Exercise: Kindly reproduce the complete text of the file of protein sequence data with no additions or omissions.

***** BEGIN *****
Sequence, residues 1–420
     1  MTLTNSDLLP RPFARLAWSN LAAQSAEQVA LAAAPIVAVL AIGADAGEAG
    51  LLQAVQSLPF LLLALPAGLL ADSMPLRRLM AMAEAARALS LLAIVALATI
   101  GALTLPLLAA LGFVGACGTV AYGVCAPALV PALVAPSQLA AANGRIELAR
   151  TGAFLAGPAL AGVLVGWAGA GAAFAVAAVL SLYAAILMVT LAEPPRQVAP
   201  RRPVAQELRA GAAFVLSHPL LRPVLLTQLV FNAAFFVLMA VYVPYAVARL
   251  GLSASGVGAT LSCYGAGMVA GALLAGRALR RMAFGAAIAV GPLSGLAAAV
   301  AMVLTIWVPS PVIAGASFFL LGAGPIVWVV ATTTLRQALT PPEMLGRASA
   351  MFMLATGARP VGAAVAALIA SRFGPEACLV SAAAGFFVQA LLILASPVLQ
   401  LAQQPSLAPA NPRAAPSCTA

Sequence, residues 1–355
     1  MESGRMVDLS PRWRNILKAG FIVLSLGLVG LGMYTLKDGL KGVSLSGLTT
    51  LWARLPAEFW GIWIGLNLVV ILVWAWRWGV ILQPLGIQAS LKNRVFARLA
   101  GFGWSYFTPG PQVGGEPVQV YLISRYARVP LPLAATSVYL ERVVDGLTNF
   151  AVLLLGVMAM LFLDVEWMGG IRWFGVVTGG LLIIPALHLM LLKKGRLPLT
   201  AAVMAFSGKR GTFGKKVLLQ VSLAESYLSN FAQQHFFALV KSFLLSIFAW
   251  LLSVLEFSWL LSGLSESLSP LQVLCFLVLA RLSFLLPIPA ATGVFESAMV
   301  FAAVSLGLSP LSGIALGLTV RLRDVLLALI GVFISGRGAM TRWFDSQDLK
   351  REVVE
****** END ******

Sequence, residues 1–420
     1  MTLTNSDLLP RPFARLAWSN LAAQSAEQVA LAAAPIVAVL AIGADAGEAG
    51  LLQAVQSLPF LLLALPAGLL ADSMPLRRLM AMAEAARALS LLAIVALATI
   101  GALTLPLLAA LGFVGACGTV AYGVCAPALV PALVAPSQLA AANGRIELAR
   151  TGAFLAGPAL AGVLVGWAGA GAAFAVAAVL SLYAAILMVT LAEPPRQVAP
   201  RRPVAQELRA GAAFVLSHPL LRPVLLTQLV FNAAFFVLMA VYVPYAVARL
   251  GLSASGVGAT LSCYGAGMVA GALLAGRALR RMAFGAAIAV GPLSGLAAAV
   301  AMVLTIWVPS PVIAGASFFL LGAGPIVWVV ATTTLRQALT PPEMLGRASA
   351  MFMLATGARP VGAAVAALIA SRFGPEACLV SAAAGFFVQA LLILASPVLQ
   401  LAQQPSLAPA NPRAAPSCTA

Sequence, residues 1–355
     1  MESGRMVDLS PRWRNILKAG FIVLSLGLVG LGMYTLKDGL KGVSLSGLTT
    51  LWARLPAEFW GIWIGLNLVV ILVWAWRWGV ILQPLGIQAS LKNRVFARLA
   101  GFGWSYFTPG PQVGGEPVQV YLISRYARVP LPLAATSVYL ERVVDGLTNF
   151  AVLLLGVMAM LFLDVEWMGG IRWFGVVTGG LLIIPALHLM LLKKGRLPLT
   201  AAVMAFSGKR GTFGKKVLLQ VSLAESYLSN FAQQHFFALV KSFLLSIFAW
   251  LLSVLEFSWL LSGLSESLSP LQVLCFLVLA RLSFLLPIPA ATGVFESAMV
   301  FAAVSLGLSP LSGIALGLTV RLRDVLLALI GVFISGRGAM TRWFDSQDLK
   351  REVVE